I haven't a clue whether the MMS was checking up on this stuff like they should be (and given their recent history of taking bribes and prostitutes from the oil industry, they might not have been) but its pretty clearly standard practice in the US for regulators other than the MMS to require one centralizer every 120 feet, plus additional ones near the surface.

I don't know about this particular requirement, but in many areas federal regulations for offshore drilling are quite lax. One of the reasons the response has been so slow, for instance, is that federal requirements for planning, training, stocking of equipment, etc are quite pitiful. California and Alaska (post-Exxon Valdez) have much more stringent requirements, while Louisiana doesn't impose anything beyond the federal regs.

So much of the inflatable booms, etc have been coming in from California and Alaska, where oil companies are required to stockpile large quantities of gear in anticipation of a large spill (these two states are worried about tanker accidents, there's no offshore drilling in CA, for example).

We see a similar state of affairs with pit mines in the semi-arid US west. BLM requlations are somewhat lax (though much stricter than two or three decades ago). Nevada and Arizona don't have any laws that go beyond the federal regulations, and they're full of pit mines that have never been, and never will be, reclaimed etc. When a company (Atlas, I believe) wanted to open a cyanide heap-leach mine here in Oregon, voters passed a referendum to highly regulate such mines (there are all sorts of problems with ground water contamination, wildlife kills, etc with such mines) and they declined to build their mine.

I don't think Louisiana will do anything to rein in the oil companies there, though. The feds will, though. Whether it will be a serious effort or just cosmetic is hard to say. States like Florida (which does not participate in drilling, only in getting slimed by oil) will be watching very, very closely. But they're going to be watching a massive effort by oil industry lobbyists to derail anything that's significantly costly. Expect choruses of "we'll just drill more overseas, then, making the US even more dependent on foreign oil!" and the like.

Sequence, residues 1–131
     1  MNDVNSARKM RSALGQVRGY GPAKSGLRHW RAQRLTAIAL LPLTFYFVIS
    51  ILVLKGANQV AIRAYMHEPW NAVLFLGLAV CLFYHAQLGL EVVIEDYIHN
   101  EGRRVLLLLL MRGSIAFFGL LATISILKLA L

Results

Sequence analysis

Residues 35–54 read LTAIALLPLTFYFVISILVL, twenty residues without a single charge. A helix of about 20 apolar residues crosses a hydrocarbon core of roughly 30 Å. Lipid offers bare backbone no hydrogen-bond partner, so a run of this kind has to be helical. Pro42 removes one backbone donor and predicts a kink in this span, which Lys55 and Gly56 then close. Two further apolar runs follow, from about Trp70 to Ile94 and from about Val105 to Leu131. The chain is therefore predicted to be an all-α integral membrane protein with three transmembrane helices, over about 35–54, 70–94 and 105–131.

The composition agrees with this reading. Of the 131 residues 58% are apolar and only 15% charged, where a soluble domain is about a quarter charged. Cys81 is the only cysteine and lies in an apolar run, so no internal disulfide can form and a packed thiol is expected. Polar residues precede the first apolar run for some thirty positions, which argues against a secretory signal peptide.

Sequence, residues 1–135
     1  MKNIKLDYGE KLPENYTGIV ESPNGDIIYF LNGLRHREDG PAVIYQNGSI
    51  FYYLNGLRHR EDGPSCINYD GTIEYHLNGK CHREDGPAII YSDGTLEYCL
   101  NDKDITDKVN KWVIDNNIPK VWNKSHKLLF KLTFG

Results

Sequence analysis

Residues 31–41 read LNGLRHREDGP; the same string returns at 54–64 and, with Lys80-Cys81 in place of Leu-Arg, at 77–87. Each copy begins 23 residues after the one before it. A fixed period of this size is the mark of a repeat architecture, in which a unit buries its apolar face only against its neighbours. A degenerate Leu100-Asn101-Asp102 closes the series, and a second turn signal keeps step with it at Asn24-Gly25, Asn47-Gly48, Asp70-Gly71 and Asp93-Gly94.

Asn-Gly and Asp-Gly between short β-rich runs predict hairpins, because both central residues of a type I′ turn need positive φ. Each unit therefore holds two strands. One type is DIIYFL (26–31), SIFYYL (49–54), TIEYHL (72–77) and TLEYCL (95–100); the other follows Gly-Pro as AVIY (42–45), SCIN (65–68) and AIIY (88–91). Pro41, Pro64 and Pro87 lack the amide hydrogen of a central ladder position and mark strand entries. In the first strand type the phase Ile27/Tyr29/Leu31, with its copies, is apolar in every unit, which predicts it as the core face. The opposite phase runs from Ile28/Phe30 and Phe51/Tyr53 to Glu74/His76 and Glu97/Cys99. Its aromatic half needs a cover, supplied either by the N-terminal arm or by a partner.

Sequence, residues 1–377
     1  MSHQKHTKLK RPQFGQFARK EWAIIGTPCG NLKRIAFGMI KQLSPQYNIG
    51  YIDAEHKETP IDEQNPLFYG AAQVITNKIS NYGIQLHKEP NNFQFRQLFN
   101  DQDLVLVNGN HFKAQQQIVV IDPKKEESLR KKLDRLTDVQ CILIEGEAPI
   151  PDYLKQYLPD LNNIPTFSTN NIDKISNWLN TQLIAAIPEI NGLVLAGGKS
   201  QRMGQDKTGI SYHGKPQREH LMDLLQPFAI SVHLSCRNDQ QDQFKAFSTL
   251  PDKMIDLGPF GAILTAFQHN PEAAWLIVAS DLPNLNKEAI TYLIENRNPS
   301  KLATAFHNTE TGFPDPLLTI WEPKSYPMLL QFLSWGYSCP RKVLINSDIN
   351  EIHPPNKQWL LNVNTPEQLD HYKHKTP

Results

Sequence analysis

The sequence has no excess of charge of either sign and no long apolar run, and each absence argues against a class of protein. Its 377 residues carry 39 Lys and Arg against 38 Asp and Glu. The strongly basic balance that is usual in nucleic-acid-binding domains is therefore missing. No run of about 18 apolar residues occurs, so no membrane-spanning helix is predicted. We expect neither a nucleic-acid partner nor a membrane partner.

So much of the inflatable booms, etc have been coming in from California and Alaska, where oil companies are required to stockpile large quantities of gear in anticipation of a large spill (these two states are worried about tanker accidents, there's no offshore drilling in CA, for example).

CA has no new wells going in, however there is plenty of production in near shore waters from Pt. Conception south. Unless I was imagining all those production platforms lit up like Christmas trees as night :-).

By Rattus Norvegicus (not verified) on 16 Jun 2010 #permalink

Were BP's decisions unusual, or just what everyone did?

Frankly I don't care if you think none of your friends uses a condom, you're an adult and you have to take responsibility.

Since we don't have a conclusive investigation, and are interpreting reports that have trickled out from the media, I'm reserving final judgement. I guess it'll be a 4.
The reports of last minute changes to save money (even to have the well capped to report to a party so they'd have more to celebrate?) are a big red flag.

Four other oil companies threw BP under the bus yesterday when they said they do not drill the way BP did. Of course, they need to blame BP for gross negligence to prove they can drill safely.

The U.S. government's inspection agency MMS had been underfunded and badly managed for a long time. No new U.S. government gets everything fixed instantly; a new administration chooses its early priorities

The Obama administration did an amazing job in handling the economic problems and in restoring climate science and other science in the first few months. If MMS had been in the condition it was left in after 2 or 3 years, I'd be harsher in my judgement than at this point in time. Every appointment Obama makes must be approved by the Senate, which has been especially slow and sometimes even one Senator is permitted to hold up an appointment for unknown reasons. It takes time to get people in place. Now MMS (after the coal mine disaster and IG's report) is a priority and Obama just appointed a top guy to head MMS.

I think criminal negligence is likely to be proved. I don't know whose jurisdiction applies to an offshore facility. If a crime is proved, I want to see serious penalties. 11 men died.

By PurpleOzone (not verified) on 16 Jun 2010 #permalink

CA has no new wells going in, however there is plenty of production in near shore waters from Pt. Conception south. Unless I was imagining all those production platforms lit up like Christmas trees as night

Well, yeah, I did say drilling :)

Looks like Boxer's going for a permanent ban for California ...

FYI: your link now has the Deepwater Horizon in the number 3 position, and the top end of the oil spill uncertainty range is actually larger than the number 1 spill.

I think perhaps it is worth correcting your statement: "it certainly isn't the largest, see [[Largest oil spills]] - it isn't even close."